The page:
There is no shortage of stray dogs, coyote, beaver, deer, elk, squirrels, and other assorted destructive wildlife in the neighbourhood. We had over 20 different guys hunting this fall and the last few years and the numbers are still increasing. Ma Nature is a little too resilient at times.

    **end of rant** Reply With Quote
    Nov 29, 2020 | 23:05 22
    Quote Originally Posted by woodland View Post
    We have a licensed fellow snaring on a couple of our quarters and there hasn’t been an issue yet. Not power snares so a tame dog should be fine anyway. I try to let neighbours know that any dogs chasing cows on our property will be dealt with in a permanent way. We’ve had packs of dogs chase calves through a fence, down the road, and chew holes through their hide at 5 am in a neighbour’s yard on Canada day. I ended up putting the one calf down a day later.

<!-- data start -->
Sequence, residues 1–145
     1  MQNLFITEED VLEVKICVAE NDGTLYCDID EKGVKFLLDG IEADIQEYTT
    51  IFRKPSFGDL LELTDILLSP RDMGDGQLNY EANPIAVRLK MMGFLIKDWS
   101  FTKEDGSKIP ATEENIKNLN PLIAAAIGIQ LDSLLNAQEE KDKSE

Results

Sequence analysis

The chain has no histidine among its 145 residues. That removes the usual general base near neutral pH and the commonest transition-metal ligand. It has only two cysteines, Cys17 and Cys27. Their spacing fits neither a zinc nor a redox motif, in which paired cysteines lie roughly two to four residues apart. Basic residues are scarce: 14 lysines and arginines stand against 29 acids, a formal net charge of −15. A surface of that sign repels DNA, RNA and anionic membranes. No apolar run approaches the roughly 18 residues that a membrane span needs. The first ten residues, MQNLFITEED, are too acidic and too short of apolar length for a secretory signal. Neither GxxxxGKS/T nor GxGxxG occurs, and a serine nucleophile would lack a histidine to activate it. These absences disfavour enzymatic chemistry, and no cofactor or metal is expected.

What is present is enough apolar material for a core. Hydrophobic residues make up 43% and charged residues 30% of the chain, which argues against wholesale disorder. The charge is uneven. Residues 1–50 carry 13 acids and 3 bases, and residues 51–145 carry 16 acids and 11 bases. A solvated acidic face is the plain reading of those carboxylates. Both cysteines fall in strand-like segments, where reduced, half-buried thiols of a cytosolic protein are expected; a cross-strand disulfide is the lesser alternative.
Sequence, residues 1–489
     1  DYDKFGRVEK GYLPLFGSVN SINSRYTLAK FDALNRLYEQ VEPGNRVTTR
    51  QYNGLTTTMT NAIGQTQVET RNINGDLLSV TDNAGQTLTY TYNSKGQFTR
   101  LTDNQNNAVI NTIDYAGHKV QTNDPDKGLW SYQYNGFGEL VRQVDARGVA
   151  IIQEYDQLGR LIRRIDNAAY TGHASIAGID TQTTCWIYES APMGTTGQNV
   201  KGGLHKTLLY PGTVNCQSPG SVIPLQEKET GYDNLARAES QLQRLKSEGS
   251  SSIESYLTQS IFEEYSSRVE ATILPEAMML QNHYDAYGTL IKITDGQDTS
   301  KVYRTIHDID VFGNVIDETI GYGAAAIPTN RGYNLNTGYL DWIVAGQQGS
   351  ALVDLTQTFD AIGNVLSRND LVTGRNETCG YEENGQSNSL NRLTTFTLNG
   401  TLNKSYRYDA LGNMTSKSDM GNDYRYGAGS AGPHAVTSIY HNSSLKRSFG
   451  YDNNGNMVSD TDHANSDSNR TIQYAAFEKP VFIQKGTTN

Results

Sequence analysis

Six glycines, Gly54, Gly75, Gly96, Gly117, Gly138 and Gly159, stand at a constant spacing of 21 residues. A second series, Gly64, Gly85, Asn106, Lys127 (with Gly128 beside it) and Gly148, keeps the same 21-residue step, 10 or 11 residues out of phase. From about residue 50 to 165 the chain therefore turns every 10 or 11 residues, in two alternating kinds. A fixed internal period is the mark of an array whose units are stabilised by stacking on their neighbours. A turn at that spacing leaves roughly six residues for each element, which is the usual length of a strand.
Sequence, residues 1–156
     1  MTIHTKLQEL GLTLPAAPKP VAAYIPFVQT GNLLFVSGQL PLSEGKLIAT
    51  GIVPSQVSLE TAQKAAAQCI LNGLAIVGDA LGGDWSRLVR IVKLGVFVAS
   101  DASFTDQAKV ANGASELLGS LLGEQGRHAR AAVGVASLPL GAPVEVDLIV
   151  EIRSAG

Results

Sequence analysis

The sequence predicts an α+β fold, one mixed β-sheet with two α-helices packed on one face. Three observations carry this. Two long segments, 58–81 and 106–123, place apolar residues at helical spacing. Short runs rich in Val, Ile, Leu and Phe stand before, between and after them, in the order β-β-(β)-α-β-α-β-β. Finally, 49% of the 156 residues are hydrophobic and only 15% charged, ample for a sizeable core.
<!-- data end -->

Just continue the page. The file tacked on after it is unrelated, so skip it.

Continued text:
There is no shortage of stray dogs, coyote, beaver, deer, elk, squirrels, and other assorted destructive wildlife in the neighbourhood. We had over 20 different guys hunting this fall and the last few years and the numbers are still increasing. Ma Nature is a little too resilient at times.

    **end of rant**
    To be legal snares have to be locking,or power so there is a fast kill. Read the regulations. Reply With Quote
    Nov 29, 2020 | 23:21 23
    Quote Originally Posted by Horse View Post
    To be legal snares have to be locking,or power so there is a fast kill. Read the regulations.
    He uses the locking ones. I know he’s caught a couple dogs over the years and they generally don’t pull so it doesn’t cinch up. He has to check them very regular or else the eagles start chewing up everything. He gets all his paperwork done and keeps it all legit. Great service for everyone including the couple of sheep guys around. Reply With Quote
    blackpowder's Avatar Nov 30, 2020 | 01:19 24 Not a job i want.
    Yotes stink too much for me and i hate fleas. I swear they're rotting while alive. Colony boys charge $20.